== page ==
December 2013
Volume 13, Issue 15
OSA Fall Vision Meeting Abstract  |   October 2013
Binocular Scanning Laser Ophthalmoscope design for eye tracking
Author Affiliations
  • Scott Stevenson
    College of Optometry, University of Houston, Houston, Texas, USA
  • Christy Sheehy
    School of Optometry,University of California, Berkeley, California, USA
  • Austin Roorda
    School of Optometry,University of California, Berkeley, California, USA
Journal of Vision October 2013, Vol.13, P29. doi:10.1167/13.15.64
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      Scott Stevenson, Christy Sheehy, Austin Roorda; Binocular Scanning Laser Ophthalmoscope design for eye tracking. Journal of Vision 2013;13(15):P29. doi: 10.1167/13.15.64.

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      © ARVO (1962-2015); The Authors (2016-present)

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We describe a modification to the Tracking Scanning Laser Ophthalmoscope (Sheehy et al. 2012) that adds a second eye channel so that left and right retinas are scanned simultaneously by a single system. A mirror placed at a retinal conjugate point redirects half of each horizontal scan line to the fellow eye, so that left and right eye position samples are collected alternately at the 15.4 kHz line scan rate. The resulting video is a split image with left and right retinas appearing side by side in each frame.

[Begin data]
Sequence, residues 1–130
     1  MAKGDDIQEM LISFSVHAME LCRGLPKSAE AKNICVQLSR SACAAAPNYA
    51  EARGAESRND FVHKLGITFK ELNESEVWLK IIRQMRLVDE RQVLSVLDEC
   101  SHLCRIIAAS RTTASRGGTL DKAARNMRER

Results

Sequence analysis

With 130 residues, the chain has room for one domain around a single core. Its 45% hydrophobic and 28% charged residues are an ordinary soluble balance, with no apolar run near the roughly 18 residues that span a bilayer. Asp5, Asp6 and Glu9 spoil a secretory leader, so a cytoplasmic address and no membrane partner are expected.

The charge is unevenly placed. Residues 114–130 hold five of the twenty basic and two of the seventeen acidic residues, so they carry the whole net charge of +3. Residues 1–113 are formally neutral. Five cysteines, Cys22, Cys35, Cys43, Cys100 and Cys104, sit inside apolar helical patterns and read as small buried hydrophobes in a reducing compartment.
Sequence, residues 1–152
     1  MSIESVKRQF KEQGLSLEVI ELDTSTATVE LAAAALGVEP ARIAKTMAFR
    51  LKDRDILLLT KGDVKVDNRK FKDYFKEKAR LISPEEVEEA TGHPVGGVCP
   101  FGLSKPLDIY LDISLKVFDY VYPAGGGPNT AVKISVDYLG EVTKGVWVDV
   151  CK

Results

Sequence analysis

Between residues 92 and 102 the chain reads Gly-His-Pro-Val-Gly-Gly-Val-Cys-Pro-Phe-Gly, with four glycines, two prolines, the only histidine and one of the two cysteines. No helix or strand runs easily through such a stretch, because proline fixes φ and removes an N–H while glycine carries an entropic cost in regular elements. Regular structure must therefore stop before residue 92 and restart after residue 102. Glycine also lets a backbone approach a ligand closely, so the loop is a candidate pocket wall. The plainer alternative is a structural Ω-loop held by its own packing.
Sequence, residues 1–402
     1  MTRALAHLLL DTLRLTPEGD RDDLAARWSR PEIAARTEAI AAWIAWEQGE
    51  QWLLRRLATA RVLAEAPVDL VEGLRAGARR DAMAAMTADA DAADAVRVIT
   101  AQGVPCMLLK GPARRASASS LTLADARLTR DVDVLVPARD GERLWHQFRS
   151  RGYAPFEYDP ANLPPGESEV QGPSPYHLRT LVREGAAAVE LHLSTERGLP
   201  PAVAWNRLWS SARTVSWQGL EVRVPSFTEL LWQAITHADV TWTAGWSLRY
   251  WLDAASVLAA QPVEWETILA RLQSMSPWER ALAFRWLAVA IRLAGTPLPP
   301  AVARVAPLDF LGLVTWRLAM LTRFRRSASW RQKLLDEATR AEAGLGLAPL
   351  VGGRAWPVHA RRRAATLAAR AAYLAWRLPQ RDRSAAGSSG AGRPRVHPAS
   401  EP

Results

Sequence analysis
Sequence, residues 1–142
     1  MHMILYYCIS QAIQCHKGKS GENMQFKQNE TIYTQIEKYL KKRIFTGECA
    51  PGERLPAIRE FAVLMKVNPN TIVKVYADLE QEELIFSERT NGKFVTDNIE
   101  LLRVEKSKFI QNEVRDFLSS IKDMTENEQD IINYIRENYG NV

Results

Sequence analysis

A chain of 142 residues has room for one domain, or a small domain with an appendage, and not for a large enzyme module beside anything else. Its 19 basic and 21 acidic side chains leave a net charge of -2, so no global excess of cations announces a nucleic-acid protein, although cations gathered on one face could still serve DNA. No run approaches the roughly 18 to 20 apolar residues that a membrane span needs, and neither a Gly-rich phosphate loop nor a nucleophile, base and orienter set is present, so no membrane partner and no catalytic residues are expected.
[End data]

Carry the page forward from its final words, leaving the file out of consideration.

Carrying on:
We present results from scans of subjects with normal ocular motility who fixated steadily on a green laser dot. The retinas were scanned at 4 degrees eccentricity with a 2 degree square field. Eye position was extracted offline from recorded videos with an FFT based image analysis program written in Matlab. The noise level of the tracking was estimated by splitting a monocular scan into left and right halves and extracting eye motion independently for each half. The difference was 0.25 to 0.5 arc minutes SD for three subjects. In the binocular recordings, the left eye / right eye difference was typically around 2 arc minutes for vertical motion and 10 to 15 arc minutes for horizontal motion, in agreement with published values from other tracking techniques.


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